With the length of the main road of Slopy Bottom stretching before him like a scene out of Alice in Wonderland or the Wizard of Oz, Smudge broke into a jog. The plastic covers of the library books slipped in his sweaty clutches and he slowed to tighten his grasp. He should have put the bloody things in a bag. The last thing he wanted was his choice of reading matter to be scattered across the tarmac of Bridge Street.
Satisfied he wasn’t going to lose his latest round of catnip reads, he raised his gaze and refocused on his target. Mrs Danridge had reached the bottom of the stairs—with a helping hand from Raleigh no doubt.
Talk of the devil. That tousled-haired alleged angel of the village looked straight at Smudge, his gaze dropping to the hand that held the books Smudge needed to return, and then leapt back up the steps.
Smudge paused long enough to take a breath and shout, “Don’t you dare leave, Raleigh Fortier.” Then he put on a new burst of speed even as the steps disappeared from view.
The engine of the old bus roared to life and by the time he’d covered the last four hundred metres, the mobile library had disappeared in a shower of gravel leaving nothing but a cloud of dust.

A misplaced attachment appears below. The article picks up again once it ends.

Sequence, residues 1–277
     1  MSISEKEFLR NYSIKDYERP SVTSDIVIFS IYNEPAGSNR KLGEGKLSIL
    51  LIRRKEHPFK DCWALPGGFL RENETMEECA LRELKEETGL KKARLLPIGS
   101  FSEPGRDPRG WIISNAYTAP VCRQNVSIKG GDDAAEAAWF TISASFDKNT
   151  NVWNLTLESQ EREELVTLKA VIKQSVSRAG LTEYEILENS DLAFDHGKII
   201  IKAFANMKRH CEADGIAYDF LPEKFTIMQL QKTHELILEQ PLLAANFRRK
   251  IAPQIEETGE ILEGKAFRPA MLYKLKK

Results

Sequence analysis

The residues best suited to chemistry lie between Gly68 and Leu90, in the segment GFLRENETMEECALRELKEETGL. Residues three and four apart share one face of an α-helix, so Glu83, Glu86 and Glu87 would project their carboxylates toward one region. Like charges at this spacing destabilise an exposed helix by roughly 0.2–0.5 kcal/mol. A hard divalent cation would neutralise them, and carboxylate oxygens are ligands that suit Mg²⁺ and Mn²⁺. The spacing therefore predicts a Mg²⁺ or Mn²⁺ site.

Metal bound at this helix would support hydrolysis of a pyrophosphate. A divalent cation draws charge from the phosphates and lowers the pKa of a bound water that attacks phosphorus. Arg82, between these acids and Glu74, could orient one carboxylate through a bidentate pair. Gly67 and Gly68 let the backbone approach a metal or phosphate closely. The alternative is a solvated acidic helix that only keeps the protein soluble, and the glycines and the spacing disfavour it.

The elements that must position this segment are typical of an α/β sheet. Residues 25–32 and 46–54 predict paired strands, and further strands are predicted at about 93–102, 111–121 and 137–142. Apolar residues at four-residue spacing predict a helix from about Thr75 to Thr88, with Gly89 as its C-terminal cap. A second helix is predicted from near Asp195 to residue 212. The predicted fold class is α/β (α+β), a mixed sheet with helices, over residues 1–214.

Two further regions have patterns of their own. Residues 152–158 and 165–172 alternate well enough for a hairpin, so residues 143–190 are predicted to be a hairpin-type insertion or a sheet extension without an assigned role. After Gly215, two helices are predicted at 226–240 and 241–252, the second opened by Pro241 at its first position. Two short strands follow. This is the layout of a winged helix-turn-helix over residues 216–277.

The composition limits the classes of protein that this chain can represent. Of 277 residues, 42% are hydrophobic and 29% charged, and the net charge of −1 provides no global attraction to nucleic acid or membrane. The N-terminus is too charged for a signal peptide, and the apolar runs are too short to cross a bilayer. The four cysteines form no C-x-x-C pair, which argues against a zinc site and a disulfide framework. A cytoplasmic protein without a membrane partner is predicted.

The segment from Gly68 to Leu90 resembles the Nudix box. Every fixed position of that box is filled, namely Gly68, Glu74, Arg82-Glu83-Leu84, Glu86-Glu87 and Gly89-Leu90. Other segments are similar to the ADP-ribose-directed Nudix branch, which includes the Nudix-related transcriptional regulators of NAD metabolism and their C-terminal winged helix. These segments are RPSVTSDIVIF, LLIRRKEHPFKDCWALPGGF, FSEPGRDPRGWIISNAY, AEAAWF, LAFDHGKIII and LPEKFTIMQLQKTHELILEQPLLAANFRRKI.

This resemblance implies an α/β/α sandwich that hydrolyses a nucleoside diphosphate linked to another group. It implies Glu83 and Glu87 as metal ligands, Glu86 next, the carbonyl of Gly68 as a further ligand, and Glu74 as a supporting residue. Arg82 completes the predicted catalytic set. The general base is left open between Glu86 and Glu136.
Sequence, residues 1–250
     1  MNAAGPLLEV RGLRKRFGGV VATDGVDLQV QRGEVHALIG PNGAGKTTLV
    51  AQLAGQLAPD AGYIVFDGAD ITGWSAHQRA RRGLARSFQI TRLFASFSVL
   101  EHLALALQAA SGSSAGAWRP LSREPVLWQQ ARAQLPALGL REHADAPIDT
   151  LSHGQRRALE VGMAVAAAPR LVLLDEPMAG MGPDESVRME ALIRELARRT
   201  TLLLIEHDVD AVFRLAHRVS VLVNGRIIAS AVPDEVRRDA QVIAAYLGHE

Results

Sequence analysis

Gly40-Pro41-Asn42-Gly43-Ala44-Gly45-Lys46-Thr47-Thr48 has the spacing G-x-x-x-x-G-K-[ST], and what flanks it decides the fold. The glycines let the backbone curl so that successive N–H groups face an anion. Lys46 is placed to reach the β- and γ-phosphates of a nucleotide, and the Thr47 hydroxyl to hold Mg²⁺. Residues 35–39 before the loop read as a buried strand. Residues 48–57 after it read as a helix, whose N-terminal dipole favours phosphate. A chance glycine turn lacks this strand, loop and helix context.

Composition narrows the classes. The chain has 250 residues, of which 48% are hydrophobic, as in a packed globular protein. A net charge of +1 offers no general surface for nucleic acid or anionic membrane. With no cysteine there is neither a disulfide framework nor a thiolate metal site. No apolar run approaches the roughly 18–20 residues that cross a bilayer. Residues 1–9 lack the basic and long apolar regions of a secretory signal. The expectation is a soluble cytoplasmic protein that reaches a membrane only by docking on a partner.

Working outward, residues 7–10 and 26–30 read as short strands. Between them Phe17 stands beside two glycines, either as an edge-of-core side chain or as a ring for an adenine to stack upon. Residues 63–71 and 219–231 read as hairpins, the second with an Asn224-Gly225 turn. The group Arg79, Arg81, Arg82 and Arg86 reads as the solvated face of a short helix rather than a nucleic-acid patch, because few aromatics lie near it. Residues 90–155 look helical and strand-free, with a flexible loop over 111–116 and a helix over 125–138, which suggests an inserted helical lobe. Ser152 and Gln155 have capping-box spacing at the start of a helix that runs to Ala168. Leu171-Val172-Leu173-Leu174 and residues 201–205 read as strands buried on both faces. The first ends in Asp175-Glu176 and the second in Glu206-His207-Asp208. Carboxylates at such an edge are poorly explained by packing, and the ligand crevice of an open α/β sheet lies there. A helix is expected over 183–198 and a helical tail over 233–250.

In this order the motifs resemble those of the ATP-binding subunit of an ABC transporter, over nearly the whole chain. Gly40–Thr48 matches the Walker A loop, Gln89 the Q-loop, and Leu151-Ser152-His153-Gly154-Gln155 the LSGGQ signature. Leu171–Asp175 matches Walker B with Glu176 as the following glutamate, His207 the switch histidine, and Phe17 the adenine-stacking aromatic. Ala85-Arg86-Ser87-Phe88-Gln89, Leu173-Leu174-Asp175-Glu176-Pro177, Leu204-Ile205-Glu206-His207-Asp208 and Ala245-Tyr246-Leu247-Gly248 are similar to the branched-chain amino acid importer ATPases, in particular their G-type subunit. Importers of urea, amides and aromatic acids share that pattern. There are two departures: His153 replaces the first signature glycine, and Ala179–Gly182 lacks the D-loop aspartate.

“Don’t expect me to pay late charges on these,” Smudge shouted after the bus. “I should report your skinny arse. You four-eyed, curly-mopped, fuckwad.” He kicked a larger stone in the direction the bus had disappeared and watched it skitter across the now empty car park.
He turned toward the sound of disapproving tsking and shrugged apologetically at Mrs Danridge. “The library was supposed to be here for another hour.” He attempted to explain his irate behaviour to the pensioner. It sounded lame.
“I’m sure Raleigh had his reasons for closing early.”
Yeah, he hates me. And the feeling is more than mutual.
“He’s a good boy and a cherished and loved member of this village. I’m sure he’ll waive the charges if you explain.” She smiled, but it was tight lipped and nothing like the sunshine that she would have bestowed on Raleigh. Gauges, tats, and a purple faux hawk with green streaks would do that. Or maybe she believed the rumour that he was growing marijuana in the workshop behind his print shop. “And I don’t know who you think you plan to report him to. The mobile library is a local service and has always been run by the church. Certainly in my lifetime. I suppose you could speak to the vicar, but as Raleigh is his organist and you barely set foot in church…” She seemed to remember her Christian sentiments, but she still pursed her lips as though sucking on a lemon. “I can vouch you were here at the right time, I suppose.”